With the curator of London’s Serpentine Gallery, Hans Ulrich Obrist, in attendance at the Design Indaba in Cape Town this year, members of the local art industry will be like participants in a high-school band hoping to be spotted.
But alas, trust an advertising agency to reduce an entire industry to a cliché. “Creating art is like giving birth” is the Absa L’Atelier tagline conceived by Jupiter Drawing Room.
Apart from underlining Absa’s campaign calling for entries to this year’s competition, the concept is driving an exhibition at the Design Indaba Expo from March 2 to 4. This will be Oberist’s first impression of South African art.
Generic dolls or “art children” were issued to 24 previous entrants of the Absa L’Atelier art competition to turn into artworks. Participants include 2009 winner Stephen Rosin and 2008 Gerard Sekoto prize-winner Retha Ferguson.
“Now in its 27th year, the question arose how [Absa] can better leverage Absa L’Atelier, but also how to provide a platform for artists,” said Paul Bayliss, Absa art and museum curator.
In addition, Bayliss said the exhibition was intended as a way for Absa to support the artists, the merit winners and the finalists who enter the competition without winning.
“What I have found so rewarding is how each artist has approached the doll differently. Each is so unique,” said Bayliss, who took over the Absa art portfolio in January last year.
The portfolio includes the Absa L’Atelier competition, the Absa art gallery and corporate collections, and Absa Money Museum.
To this writer, comparing the creating of art to giving birth smacks of pre-modernist religious romanticism and teenage art angst. It seems to wipe out a century’s worth of critical thinking regarding the subjectivity, interpretation, conceptualism and agency of art.
At this rate, the high-school band will only play at its own prom, if it is lucky.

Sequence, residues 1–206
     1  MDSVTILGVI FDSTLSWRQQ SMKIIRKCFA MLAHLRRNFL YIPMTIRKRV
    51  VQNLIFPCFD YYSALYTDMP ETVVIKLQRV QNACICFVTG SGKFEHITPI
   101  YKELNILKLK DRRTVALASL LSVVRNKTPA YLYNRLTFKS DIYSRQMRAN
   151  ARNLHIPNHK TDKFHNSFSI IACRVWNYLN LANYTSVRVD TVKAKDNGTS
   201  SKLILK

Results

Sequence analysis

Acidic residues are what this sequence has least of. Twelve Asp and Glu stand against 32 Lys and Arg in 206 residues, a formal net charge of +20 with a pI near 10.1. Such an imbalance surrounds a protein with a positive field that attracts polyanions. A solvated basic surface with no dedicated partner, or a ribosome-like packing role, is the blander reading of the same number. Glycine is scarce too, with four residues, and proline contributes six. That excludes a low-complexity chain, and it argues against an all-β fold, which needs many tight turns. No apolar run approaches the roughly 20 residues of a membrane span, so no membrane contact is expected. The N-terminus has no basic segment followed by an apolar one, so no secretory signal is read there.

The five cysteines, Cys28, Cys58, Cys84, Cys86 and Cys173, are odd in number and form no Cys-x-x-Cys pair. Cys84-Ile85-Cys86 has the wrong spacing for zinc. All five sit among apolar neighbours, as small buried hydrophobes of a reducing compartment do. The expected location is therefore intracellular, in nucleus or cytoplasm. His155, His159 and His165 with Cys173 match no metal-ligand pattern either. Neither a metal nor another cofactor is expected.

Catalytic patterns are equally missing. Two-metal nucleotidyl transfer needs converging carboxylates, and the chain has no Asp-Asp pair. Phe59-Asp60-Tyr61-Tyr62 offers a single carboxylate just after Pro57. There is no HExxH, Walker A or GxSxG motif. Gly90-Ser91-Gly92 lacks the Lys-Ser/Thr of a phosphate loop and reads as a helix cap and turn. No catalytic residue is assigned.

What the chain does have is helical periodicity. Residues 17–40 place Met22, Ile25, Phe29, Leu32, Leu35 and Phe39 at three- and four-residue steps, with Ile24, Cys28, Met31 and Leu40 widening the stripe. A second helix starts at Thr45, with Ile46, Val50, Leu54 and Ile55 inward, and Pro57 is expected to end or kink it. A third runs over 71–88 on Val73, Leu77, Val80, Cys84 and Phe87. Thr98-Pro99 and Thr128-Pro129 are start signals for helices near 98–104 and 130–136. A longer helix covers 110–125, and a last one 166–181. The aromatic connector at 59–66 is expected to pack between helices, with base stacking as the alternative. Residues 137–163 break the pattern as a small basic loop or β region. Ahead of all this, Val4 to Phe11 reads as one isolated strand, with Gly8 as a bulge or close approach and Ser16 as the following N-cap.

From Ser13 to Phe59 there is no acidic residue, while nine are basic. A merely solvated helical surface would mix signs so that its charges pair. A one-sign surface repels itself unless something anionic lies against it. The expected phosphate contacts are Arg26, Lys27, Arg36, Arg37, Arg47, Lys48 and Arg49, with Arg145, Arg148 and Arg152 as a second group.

However, misgivings regarding corporate support of the arts aside, some artists have risen above the occasion to raise the conceptual bar.
“The world is overpopulated as it is, so I destroyed [the dolls] and turned them into an assisted minimalist sculpture of sorts, highlighting the fact that the world actually needs less, not more,” said Jozi artist MJ Turpin, better known as one half of electronica outfit MTkidu.
Turpin’s shattered art children appear to be shards of abandoned, discarded porcelain marked by bright enamel and varnish. Titled A Piece is Greater than the Whole, the three works speak simultaneously of excess, waste and emptiness.
Cape Town artist Colijn Strijdom also critiques the premise of artistic inspiration in his work, Roughly 20m of Sequins. It refers to Marcel Duchamp’s Mile of String, which involved the artist covering a gallery space in string. Duchamp believed that not only inspiration but also the act of translating an idea into reality relied more on chance than artistic intention.
Said Strijdom: “I liked the interactive potential the extra-long sequin limbs offer the curator and the audience by being able to cover, decorate and claim space — and the possibility of annoying the other artists by invading their territory.”
The dolls are on exhibition at the Absa Gallery stand at the Design Indaba Expo, which takes place from March 2 to 4 at the Cape Town International Conventional Centre. The dolls will all be on sale for up to R4?000, with the proceeds going to the artists